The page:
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Marleau believes he can play beyond next season

Forward traded to Hurricanes by Maple Leafs discusses past, future with NHL.com

by Mike Zeisberger @Zeisberger / NHL.com Staff Writer

TORONTO -- Patrick Marleau feels he has a lot left in his tank, even though he'll turn 40 on Sept. 15.

The question is: Which NHL jersey will the veteran wing be wearing to prove it? 

Marleau was traded with a conditional first-round pick and a seventh-round pick in the 2020 NHL Draft by the Toronto Maple Leafs to the Carolina Hurricanes on Saturday for a sixth-round pick in 2020 draft. The Hurricanes could buy out the final year of his contract so he can explore options to play closer to his home in the San Jose area.

"We'll see what happens," Marleau said. "I'll leave that to my representatives and the Hurricanes to discuss.

"I could see myself playing beyond this next year. I still feel really good and I still feel I can contribute. Last year wasn't a very good year by my standards (37 points; 16 goals, 21 assists) so I'm looking forward to proving that wrong. That kind of gets the adrenaline going. You have to prove yourself year after year. I look forward to doing that this year."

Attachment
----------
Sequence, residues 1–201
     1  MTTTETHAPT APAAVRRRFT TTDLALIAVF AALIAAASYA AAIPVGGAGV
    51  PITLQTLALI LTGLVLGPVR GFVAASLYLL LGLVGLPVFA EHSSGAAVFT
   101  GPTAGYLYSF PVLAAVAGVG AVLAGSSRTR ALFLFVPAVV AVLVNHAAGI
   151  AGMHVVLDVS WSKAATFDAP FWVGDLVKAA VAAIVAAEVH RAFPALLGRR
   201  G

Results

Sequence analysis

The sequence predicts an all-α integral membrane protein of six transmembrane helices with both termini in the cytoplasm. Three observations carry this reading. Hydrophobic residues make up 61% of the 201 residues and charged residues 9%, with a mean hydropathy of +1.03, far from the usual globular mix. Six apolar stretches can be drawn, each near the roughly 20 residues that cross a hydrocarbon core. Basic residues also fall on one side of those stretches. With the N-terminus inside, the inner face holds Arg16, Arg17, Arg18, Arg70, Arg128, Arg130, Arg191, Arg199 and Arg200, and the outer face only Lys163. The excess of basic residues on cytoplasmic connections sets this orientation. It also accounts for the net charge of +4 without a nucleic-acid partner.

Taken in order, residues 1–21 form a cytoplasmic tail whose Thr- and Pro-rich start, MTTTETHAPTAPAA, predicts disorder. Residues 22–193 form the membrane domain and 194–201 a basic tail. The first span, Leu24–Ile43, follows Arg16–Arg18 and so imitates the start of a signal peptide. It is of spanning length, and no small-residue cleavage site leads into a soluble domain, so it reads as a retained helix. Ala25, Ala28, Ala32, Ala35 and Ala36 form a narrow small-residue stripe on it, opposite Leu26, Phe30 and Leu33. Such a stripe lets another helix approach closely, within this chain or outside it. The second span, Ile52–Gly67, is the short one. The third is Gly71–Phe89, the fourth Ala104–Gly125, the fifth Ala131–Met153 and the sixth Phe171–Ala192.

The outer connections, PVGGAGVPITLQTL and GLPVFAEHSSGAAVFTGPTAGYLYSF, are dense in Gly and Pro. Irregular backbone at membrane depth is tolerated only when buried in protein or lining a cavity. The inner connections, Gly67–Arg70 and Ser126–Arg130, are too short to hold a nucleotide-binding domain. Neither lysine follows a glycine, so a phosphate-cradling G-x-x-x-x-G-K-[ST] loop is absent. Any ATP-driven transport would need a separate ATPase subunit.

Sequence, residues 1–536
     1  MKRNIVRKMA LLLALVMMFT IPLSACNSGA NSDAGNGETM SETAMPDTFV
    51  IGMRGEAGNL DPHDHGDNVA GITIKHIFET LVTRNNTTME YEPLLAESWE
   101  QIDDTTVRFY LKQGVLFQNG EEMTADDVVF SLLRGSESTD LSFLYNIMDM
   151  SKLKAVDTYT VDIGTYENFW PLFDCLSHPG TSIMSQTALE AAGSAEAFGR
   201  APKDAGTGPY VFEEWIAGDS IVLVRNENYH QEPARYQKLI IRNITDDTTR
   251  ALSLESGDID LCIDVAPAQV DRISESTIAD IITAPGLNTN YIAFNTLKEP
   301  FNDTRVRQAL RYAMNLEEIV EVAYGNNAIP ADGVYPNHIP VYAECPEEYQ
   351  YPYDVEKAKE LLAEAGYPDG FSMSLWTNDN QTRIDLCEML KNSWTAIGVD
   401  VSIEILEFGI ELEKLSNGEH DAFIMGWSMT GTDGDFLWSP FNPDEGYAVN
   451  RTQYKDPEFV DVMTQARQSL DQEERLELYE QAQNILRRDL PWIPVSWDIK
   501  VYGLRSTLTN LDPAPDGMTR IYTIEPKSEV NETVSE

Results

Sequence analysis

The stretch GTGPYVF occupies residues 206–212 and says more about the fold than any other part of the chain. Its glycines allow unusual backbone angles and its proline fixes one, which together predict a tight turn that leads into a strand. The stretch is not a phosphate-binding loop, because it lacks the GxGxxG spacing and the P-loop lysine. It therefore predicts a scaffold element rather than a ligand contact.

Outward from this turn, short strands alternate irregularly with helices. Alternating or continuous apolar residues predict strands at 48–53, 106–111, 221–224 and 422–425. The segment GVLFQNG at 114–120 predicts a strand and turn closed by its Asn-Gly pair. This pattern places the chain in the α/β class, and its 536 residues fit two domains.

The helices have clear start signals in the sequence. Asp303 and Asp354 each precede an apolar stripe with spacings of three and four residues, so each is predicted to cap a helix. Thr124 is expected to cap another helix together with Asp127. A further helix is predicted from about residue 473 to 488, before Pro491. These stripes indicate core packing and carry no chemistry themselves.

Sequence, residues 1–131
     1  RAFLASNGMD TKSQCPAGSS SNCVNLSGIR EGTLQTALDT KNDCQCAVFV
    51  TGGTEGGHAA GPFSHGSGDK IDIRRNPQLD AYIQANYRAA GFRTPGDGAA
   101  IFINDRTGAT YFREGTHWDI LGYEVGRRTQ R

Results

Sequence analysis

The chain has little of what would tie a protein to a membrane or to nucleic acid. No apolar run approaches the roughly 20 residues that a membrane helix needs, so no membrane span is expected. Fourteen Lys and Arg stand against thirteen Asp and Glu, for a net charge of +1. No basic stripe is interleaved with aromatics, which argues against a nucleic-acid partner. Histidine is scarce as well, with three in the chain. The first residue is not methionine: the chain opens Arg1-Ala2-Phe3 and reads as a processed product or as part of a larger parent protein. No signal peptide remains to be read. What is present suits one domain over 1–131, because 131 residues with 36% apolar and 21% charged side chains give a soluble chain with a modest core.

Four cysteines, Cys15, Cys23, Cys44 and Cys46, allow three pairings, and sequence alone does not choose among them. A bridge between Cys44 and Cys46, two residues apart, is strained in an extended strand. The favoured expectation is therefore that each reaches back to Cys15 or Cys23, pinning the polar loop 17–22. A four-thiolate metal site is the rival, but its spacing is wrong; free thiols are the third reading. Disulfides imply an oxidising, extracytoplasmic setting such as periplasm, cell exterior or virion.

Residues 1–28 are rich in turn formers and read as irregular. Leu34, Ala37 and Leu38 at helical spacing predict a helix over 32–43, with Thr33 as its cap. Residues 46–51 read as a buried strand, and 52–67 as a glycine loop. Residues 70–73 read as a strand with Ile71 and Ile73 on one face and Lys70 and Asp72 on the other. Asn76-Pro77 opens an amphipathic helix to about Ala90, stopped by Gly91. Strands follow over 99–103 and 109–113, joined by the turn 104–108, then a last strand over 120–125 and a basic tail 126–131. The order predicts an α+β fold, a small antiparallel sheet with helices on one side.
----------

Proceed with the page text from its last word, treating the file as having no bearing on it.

Marleau, who has not missed a game in more than 10 seasons (788 straight), had 84 points (43 goals, 41 assists) in 164 regular-season games and seven points (four goals, three assists) in 14 Stanley Cup Playoff games in two seasons with Toronto. He played his first 19 NHL seasons for the San Jose Sharks before signing a three-year contract with the Maple Leafs on July 2, 2017.

In a wide-ranging interview with NHL.com, Marleau candidly touched on a number of issues, including what motivated his family's desire to return to the West Coast; his special relationship with Maple Leafs forwards Auston Matthews and Mitchell Marner; what Toronto needs to do to take the next step; and his gratitude to Maple Leafs Nation and the city of Toronto.

Video: Patrick Marleau traded to Hurricanes

 

First off, what's fueled your family's decision to return to California?

"Everything is based on that -- family. I wanted to kind of be with them. Our one son, it's based on his schooling and what was best for him. It was at the point where my wife and kids were planning on coming back (to California) already. It kind of ties it all together. Hard to explain it all. Basically, for the kids' schooling and stuff, we thought we could get the help and support we needed here. With four boys it's a little bit easier here with family around for my wife."